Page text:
Former world No 1 explains ‘biggest challenge’ that ‘inspirational’ Carlos Alcaraz will face over next few years

Carlos Alcaraz with year-end No 1 trophy Credit: Alamy
Carlos Alcaraz with year-end No 1 trophy Credit: Alamy

Will Carlos Alcaraz be able to grind his way to wins when things are not going his way? That will be one of the big obstacles that the Spaniard will face after his “unbelievable year”, according to Mats Wilander.

Alcaraz has enjoyed a dream 2022 season as he won his maiden Grand Slam, the US Open at Flushing Meadows in September, and as a result he became the youngest-ever world No 1 at the age of 19 years and 129 days.

The teenager also won two ATP Masters 1000 titles – Miami Open and Madrid Open – and two ATP 500 events – the Rio Open and Barcelona Open – while he is also the player to secure the year-end No 1 ranking.

He has also claimed big scalps this year as he has beaten the likes of Rafael Nadal, Novak Djokovic, Casper Ruud and Stefanos Tsitsipas.

Former world No 1 and Eurosport pundit Wilander says doubts will creep into Alcaraz’s mind at some point.

“I think it will be really hard to digest 2022 for Alcaraz,” he told Eurosport. “But I also think [coach] Juan Carlos Ferrero is going to know exactly what they need to do.

“I think that there’s a validation process that has to happen for Carlos. ‘Am I really No 1 in the world?’ That was an unbelievable year. But hold on. There’s Holger Rune. There’s Djokovic. There is Daniil Medvedev.

“I mean, ‘what you’re putting me as No 1 as a 19 year old?’. So I think there’s going to be a bit of doubt there, and I think that you have to take care of that doubt by working really hard physically and mentally and really finding how he needs to play tennis when he is not feeling good.”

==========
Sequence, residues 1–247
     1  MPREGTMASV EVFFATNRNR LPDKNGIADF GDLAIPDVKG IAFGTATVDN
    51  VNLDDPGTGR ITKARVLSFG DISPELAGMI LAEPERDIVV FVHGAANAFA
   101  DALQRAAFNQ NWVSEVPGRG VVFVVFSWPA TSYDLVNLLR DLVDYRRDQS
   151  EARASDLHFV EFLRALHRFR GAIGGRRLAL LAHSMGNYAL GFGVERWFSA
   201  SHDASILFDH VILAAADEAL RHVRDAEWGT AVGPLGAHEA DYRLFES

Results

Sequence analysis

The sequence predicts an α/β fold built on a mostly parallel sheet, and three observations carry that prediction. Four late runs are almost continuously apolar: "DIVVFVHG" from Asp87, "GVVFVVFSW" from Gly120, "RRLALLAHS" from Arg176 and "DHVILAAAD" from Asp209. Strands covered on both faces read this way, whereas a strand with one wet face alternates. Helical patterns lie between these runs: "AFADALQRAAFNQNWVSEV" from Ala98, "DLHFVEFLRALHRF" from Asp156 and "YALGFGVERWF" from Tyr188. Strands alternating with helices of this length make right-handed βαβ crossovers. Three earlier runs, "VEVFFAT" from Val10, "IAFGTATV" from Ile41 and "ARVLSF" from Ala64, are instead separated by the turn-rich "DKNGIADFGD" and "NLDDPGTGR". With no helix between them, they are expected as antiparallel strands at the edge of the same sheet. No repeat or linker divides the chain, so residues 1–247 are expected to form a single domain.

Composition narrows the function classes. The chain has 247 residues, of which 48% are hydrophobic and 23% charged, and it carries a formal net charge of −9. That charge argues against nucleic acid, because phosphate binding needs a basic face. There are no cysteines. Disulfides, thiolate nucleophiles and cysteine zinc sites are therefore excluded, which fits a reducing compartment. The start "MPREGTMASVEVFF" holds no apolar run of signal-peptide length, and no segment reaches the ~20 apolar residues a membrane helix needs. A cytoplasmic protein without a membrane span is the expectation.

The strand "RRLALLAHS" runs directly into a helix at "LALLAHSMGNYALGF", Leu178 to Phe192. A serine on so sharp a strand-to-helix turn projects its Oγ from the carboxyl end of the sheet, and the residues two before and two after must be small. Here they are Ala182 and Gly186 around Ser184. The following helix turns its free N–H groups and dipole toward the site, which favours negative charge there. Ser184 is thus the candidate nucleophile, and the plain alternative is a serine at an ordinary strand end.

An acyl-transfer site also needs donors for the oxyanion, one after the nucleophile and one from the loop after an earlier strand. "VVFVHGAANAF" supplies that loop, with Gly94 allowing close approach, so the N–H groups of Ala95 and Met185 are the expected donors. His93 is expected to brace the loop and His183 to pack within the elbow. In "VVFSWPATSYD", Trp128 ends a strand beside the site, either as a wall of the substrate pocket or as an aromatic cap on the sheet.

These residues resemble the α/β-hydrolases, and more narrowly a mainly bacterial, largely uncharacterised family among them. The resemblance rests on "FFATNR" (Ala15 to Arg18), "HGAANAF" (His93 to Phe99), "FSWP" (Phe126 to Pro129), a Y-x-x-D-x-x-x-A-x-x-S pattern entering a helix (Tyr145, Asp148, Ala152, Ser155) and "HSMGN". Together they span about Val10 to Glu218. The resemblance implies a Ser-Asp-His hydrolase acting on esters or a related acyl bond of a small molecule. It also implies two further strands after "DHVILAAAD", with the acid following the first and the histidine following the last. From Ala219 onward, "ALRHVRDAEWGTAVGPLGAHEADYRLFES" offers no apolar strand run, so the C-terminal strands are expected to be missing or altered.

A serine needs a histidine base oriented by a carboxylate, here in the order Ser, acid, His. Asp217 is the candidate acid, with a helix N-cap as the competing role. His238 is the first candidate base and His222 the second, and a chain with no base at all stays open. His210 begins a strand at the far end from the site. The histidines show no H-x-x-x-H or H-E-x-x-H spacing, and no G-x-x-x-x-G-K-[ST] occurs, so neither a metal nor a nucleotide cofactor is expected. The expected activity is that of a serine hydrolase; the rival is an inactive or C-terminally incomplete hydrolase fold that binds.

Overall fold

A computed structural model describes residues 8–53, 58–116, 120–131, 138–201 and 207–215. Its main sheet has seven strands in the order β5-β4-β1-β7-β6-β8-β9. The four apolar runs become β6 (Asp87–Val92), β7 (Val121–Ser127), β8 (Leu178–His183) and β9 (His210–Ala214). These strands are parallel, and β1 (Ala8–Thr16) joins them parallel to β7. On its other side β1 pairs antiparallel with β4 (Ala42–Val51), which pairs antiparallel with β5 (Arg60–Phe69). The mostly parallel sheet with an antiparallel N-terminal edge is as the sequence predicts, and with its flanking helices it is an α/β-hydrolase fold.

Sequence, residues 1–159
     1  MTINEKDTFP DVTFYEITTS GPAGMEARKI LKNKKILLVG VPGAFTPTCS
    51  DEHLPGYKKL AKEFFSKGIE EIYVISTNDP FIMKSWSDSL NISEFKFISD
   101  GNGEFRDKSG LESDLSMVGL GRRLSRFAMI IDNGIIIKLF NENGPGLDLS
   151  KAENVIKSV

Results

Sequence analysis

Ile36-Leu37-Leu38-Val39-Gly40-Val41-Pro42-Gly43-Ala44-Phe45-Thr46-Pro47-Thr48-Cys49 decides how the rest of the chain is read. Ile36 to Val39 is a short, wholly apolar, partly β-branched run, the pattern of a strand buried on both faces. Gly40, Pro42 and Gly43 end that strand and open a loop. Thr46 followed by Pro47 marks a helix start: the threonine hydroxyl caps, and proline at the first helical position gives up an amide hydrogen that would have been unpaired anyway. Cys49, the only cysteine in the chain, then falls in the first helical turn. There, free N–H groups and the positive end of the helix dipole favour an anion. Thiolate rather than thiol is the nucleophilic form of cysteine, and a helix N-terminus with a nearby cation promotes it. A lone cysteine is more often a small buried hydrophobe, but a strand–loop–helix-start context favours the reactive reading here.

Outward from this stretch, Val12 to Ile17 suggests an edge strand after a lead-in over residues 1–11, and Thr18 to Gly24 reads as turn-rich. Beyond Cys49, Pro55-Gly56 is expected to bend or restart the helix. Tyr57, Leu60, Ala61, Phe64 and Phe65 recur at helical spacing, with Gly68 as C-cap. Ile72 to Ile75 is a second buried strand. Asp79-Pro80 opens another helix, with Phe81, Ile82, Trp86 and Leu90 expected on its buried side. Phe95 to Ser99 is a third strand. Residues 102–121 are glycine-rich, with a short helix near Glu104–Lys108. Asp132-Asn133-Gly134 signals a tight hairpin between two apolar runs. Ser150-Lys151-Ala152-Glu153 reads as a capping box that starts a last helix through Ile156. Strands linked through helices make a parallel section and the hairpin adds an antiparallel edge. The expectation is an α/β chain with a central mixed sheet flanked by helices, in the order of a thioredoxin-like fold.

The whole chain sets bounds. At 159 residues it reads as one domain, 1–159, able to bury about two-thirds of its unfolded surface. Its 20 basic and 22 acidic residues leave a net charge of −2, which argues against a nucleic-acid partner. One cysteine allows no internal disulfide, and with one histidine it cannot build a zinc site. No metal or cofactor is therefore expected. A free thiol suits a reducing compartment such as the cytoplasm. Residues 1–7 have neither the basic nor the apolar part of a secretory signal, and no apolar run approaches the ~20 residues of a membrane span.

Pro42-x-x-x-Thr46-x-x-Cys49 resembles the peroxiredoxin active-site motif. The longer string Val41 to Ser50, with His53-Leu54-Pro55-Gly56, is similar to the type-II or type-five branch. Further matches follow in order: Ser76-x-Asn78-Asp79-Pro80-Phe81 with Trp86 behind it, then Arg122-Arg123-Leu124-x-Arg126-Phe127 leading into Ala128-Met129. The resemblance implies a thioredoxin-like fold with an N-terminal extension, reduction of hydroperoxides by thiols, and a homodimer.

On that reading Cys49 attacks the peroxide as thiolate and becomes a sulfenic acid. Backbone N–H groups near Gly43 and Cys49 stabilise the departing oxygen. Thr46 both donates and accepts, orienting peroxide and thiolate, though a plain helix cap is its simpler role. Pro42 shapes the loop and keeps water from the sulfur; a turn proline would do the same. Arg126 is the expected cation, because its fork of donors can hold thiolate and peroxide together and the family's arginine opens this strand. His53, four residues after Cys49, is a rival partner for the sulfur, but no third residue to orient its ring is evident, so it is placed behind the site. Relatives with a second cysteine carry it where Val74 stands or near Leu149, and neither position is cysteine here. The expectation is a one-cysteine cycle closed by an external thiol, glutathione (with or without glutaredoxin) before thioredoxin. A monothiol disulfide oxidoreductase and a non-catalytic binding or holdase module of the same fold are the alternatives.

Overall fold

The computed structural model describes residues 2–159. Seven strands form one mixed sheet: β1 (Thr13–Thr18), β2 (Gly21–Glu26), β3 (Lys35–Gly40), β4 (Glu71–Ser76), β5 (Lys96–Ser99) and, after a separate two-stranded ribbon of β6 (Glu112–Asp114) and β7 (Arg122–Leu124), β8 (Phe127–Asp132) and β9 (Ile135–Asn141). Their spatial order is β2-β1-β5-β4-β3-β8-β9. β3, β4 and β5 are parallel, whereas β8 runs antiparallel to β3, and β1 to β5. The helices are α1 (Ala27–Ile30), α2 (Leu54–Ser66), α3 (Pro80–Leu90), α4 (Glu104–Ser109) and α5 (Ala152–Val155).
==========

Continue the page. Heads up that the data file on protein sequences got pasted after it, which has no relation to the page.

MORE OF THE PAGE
Wilander says the difference between good and great players is whether or not they can get a win when they are not at their best.

The Swede added: “When we see Rafa play and he’s not playing well, to me, he’s always gone back to an extremely simple way of playing tennis for him. Novak as well. And when they play well, they blow you off the court with a big forehand.

“But when they’re not, they go into that grinding mode of ‘okay guys, this is going to be physical, mental, emotional, very, very tactical. I hate losing, and that’s it’.

“For Carlos, that’s where it’s going to be difficult. Can he laugh and smile his way through the next couple of years? Win or lose, that’s going to be the biggest challenge and that’s what I’m looking forward to the most also.

“He doesn’t have to be considered the greatest player, but one thing is for sure: it is fun as hell to watch him play tennis when he’s that good and he’s laughing at the same time.

“He’s the most inspirational tennis player that we have because of what he did in 2022 and most of all because of the way he did it.

“Never compare him to Rafa, Roger [Federer] and Novak, the way he did it I’ve never seen anything like it.”

READ MORE: Carlos Alcaraz: Biography, Lifestyle, Lovelife, Net Worth, Career, Endorsements

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